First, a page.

Need talent? You get what you pay for

By Robert Half on 26th November 2018

When you’re hiring, you’re looking for skilled talent who can help take your company to the next level. And you have to offer a competitive remuneration package to attract that top talent. Lower your offer, and the people you want are certain to choose another firm — especially when the economy remains strong and unemployment is low.

But how can you know how much is enough? You’ll need to figure that out long before you bring up salary and benefits in a candidate interview. Here are tips on determining pay levels:

Consult salary surveys

Rule No.1 in salary-setting: Make sure you’re paying the same or, preferably more, than your competitors. To find out what this should amount to, you need to research what other organisations pay employees in similar jobs. The Robert Half Salary Guide is an excellent resource for this type of information. Robert Half’s guide is based on real-world salary data, drawn from the temporary and permanent placements our recruitment experts make.

Don’t forget the other elements of remuneration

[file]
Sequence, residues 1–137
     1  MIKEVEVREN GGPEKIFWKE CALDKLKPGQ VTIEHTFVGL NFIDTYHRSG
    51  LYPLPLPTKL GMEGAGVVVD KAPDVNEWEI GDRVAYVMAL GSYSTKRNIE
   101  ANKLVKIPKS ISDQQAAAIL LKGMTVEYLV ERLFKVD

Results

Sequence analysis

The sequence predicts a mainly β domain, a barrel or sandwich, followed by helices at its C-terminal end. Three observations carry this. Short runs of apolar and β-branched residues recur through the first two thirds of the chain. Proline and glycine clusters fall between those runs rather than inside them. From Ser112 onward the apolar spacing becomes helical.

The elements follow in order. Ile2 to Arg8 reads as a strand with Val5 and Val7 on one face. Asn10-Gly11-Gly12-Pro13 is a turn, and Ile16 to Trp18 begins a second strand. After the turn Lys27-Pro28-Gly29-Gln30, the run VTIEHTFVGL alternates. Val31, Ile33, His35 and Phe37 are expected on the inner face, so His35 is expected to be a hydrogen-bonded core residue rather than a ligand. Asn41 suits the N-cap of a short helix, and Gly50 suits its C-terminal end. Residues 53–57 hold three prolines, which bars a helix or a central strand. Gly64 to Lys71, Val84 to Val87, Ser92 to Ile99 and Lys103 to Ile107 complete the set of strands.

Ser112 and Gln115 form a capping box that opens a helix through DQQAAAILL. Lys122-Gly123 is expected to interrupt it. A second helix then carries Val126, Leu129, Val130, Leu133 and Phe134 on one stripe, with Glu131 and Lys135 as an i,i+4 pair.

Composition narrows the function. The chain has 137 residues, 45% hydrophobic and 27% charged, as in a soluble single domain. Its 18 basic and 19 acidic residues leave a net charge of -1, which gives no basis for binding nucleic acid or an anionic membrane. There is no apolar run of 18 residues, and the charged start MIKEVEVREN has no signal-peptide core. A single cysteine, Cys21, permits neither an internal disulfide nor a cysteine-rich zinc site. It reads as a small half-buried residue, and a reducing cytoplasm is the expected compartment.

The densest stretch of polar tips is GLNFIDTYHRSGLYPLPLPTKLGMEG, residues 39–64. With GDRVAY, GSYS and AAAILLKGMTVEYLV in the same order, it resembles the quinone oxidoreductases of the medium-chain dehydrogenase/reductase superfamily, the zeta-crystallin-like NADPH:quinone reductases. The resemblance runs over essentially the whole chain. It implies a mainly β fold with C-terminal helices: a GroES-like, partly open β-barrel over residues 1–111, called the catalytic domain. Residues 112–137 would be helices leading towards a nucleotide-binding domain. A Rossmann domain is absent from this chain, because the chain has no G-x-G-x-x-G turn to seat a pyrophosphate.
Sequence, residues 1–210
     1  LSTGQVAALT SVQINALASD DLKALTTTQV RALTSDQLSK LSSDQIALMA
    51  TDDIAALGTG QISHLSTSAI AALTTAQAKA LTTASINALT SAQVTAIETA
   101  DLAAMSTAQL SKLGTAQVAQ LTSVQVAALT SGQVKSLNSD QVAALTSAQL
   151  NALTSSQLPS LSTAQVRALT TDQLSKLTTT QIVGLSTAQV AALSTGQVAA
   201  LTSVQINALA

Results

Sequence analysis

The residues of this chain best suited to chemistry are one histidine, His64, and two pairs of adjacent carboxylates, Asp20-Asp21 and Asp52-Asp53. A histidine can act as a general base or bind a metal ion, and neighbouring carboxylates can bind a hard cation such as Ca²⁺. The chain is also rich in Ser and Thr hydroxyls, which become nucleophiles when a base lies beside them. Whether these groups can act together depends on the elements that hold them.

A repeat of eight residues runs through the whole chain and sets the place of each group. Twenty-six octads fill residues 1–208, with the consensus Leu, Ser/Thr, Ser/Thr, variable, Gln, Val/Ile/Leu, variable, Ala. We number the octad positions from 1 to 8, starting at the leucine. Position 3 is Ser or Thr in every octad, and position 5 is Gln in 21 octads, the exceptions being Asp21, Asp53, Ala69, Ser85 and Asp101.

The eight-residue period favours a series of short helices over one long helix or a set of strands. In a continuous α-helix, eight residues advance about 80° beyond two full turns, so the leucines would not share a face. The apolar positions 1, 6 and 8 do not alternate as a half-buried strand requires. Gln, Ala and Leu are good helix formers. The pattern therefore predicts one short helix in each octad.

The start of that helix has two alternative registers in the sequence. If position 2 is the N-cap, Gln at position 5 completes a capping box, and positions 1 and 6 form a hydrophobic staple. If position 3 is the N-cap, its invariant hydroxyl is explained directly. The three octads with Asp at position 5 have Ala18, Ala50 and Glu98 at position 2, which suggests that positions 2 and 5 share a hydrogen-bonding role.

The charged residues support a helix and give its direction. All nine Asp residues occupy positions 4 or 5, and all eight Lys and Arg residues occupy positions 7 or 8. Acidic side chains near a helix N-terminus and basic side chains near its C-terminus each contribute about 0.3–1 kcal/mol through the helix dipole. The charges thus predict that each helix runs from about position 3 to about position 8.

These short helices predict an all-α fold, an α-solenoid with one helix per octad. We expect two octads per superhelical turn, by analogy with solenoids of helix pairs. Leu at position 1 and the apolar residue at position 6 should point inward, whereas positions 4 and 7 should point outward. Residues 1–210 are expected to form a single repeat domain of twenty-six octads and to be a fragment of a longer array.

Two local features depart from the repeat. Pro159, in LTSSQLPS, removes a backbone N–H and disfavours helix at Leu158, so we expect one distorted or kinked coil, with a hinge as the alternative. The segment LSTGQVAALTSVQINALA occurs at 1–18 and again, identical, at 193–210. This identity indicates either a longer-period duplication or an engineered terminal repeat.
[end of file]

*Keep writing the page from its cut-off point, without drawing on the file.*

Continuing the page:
Top talent expects not just a base salary that’s the same or more than offers they may be getting from other companies but also a competitive choice of bonus and benefits.

Keep in mind that you shouldn’t offer benefits to make up for a lower salary; they should sweeten what is already an attractive starting salary offer.

Remember that you’re paying people, not positions

Base your pay on the actual technical and soft skills, knowledge and experience workers bring to the company — not just what’s requested in the job description for the positions they’ll fill. That’s why the Robert Half Salary Guide lists average salaries in four percentiles, starting with the least experience on up to significant, highly relevant experience, among other factors.

Related: Watch our video to learn more about our salary data.

When it comes time for the salary negotiation, you can base your offer on what each candidate is likely to bring to the job.

Whatever you do, don’t underpay

Obviously, when you set salaries that are too low, you miss out on the top candidates. But there are other consequences, as well. Employees who do come to work for you will be more likely to feel like the business doesn’t value them, which, in turn, could make them less engaged at work and less productive overall. Underpaying employees often leads to higher turnover.

Determining appropriate remuneration levels when hiring takes some work, but it’s worth it: You must be prepared to offer a competitive salary if you want to land top candidates — and if you want to keep them happy and productive in the long run.

Continue to adjust salaries

Make sure you’re constantly evaluating and updating your salaries, taking into consideration your firm’s salary, reward and recognition philosophy, the range of other benefits you offer, and the salary levels for individuals within a particular market.

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